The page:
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National Institute of Child Health & Human Development
Autism and the MMR Vaccine

Is there any research going on to find out if the MMR vaccine is linked to autism?

The NIH is doing a number of things to look into the claims about MMR vaccines and autism:

  • The Network on the Neurobiology and Genetics of Autism: Collaborative Programs of Excellence in Autism (CPEA), funded by the NICHD and the National Institute on Deafness and Other Communication Disorders (NIDCD), with additional funding from the CDC, are working together to study autism and the MMR vaccine.This research will examine people diagnosed with autism who seemed to develop normally, but then started to show autistic symptoms.This type of situation is called “regression.”To learn as much as possible about these patients, researchers will compare them to people who do not have autism, and to people who showed autistic symptoms since birth, called classic autism.CPEA researchers will compare vaccination records to see if the onset of autism was associated with receipt of MMR and other vaccines.Lab tests will then look for any evidence of persistent infections that could be related to the MMR vaccine.
  • The NICHD is also working with other NIH Institutes, the CDC, the Environmental Protection Agency (EPA), and other federal agencies to conduct a large, long-term study of the effects of the environment on children’s health.This study will follow 100,000 children from before birth to age 20, to track their growth and development, as well as their genetic blueprints and environmental factors that they encounter.Researchers hope to establish or rule out links between a variety of environmental events and normal and abnormal development, such as autism, asthma, and other childhood disorders that have shown dramatic increase.The study is currently under design.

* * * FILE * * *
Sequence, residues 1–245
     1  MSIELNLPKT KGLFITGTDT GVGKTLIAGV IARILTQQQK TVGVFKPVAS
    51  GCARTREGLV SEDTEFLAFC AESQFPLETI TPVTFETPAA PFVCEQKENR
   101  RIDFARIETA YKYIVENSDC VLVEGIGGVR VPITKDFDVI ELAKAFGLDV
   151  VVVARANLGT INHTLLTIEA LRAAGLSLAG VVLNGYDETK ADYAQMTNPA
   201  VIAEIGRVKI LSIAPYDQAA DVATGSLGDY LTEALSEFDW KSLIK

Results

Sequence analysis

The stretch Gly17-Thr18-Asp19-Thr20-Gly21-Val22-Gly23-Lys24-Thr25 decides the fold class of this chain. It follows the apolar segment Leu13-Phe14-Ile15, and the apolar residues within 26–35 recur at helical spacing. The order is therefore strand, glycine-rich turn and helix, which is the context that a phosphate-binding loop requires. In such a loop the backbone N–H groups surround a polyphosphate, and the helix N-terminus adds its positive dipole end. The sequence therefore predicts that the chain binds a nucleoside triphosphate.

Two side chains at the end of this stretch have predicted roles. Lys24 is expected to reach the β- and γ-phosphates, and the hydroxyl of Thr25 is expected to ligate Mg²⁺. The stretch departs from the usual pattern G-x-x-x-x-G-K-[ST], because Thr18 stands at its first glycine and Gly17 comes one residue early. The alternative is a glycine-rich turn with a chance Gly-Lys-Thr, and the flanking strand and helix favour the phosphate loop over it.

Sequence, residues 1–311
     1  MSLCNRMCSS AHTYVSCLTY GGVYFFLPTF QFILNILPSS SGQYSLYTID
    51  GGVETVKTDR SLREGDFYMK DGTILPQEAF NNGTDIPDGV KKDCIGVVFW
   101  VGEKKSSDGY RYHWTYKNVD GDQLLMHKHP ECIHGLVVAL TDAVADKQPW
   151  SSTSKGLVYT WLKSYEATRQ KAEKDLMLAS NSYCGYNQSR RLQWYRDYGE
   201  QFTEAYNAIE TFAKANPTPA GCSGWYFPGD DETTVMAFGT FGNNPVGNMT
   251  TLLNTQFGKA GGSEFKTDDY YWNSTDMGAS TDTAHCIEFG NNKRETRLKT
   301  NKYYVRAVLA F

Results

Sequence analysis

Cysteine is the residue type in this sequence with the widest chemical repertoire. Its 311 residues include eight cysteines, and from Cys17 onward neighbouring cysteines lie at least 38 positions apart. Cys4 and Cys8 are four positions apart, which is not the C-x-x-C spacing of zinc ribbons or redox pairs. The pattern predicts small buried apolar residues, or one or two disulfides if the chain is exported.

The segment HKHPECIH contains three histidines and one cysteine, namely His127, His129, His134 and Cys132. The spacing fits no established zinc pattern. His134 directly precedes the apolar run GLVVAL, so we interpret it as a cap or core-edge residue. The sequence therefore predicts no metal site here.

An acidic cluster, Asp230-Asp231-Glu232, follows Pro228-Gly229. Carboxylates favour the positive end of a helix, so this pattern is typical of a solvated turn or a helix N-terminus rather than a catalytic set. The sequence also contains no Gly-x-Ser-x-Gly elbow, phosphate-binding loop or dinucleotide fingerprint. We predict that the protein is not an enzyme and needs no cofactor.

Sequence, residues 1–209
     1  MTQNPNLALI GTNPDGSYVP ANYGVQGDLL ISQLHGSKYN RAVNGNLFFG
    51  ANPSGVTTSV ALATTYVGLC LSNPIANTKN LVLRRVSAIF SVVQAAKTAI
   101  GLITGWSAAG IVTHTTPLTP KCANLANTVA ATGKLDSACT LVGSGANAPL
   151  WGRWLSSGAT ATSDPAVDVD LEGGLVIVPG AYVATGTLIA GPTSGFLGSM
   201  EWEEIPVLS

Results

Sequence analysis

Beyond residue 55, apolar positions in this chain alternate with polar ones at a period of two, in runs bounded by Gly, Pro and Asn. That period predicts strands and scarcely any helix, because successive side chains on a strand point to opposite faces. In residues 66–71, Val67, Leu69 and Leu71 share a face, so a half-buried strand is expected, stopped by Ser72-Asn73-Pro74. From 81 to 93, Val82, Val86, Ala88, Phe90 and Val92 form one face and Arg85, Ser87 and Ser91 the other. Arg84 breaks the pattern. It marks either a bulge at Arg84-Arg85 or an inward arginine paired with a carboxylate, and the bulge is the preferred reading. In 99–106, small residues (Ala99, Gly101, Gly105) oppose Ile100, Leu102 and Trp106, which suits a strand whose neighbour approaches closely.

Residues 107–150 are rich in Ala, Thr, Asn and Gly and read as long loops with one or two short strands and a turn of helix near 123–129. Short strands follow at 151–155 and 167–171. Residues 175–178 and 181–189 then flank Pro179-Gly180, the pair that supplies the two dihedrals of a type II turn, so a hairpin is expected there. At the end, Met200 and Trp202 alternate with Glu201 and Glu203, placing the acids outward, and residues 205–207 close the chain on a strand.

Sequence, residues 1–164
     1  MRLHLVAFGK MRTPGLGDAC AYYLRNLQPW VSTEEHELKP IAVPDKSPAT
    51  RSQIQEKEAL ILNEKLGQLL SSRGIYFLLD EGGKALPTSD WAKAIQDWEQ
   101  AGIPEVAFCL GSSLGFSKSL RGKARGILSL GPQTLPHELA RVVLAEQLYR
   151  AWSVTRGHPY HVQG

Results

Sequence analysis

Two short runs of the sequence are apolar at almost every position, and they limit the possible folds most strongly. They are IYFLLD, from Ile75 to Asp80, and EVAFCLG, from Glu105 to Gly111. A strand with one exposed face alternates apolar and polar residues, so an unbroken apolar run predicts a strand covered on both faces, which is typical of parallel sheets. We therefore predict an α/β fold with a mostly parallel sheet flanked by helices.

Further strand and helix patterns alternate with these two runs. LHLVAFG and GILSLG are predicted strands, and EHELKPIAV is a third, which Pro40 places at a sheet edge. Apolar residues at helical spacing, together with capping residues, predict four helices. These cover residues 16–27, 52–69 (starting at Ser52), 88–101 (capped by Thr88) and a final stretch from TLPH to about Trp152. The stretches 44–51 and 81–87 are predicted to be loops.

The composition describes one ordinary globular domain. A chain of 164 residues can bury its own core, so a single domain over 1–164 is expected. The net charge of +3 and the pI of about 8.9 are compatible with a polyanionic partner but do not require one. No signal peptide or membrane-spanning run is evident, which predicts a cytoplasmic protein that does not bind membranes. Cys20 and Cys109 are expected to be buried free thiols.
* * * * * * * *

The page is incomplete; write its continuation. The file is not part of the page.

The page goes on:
• Another NIH Institute, the National Institute of Neurological Disorders and Stroke (NINDS) is also conducting a retrospective case-control study to identify any molecular markers in neonatal blood of children with autism, with support from the California Department of Health Services and the Division of Bioengineering and Physical Science (DBEPS) at the NIH.
  • In 1998, the NIH, led by the NICHD and the NINDS, sponsored a conference on ASDs.These and other NIH Institutes formed an expert panel, which also included 15 professional organizations and three parents’ groups, and began a review of over 2,500 scientific articles to develop a system for diagnosing ASDs.The panel published its findings in the Journal of Autism and Developmental Disorders in 1999 (Filipek et al 1999).In 2000, the panel’s report was adopted as a practice parameter by the American Academy of Neurology and the Child Neurology Society (Filipek et al 2000). Practice parameter: screening and diagnosis of autism gives doctors and other health professionals the first, standardized method for diagnosing autism and ASDs based on scientific evidence.

In addition, the NIH is in the process of implementing the autism aspects of the Children’s Health Act of 2000.This Act, which was signed into law in October 2000, charges the NIH with the, “Expansion, intensification, and coordination of activities of the NIH with respect to research on autism.”All of the NIH Institutes that fund autism research are working together to establish “Centers of Excellence” to focus on autism research.In addition, the NIH will form a committee with representatives from parents’ groups and other federal agencies to coordinate autism research activities throughout the federal government and to enhance efforts to educate doctors and other health care professionals, and parents, and other child caretakers, about autism.

Last Update: 08/15/2006

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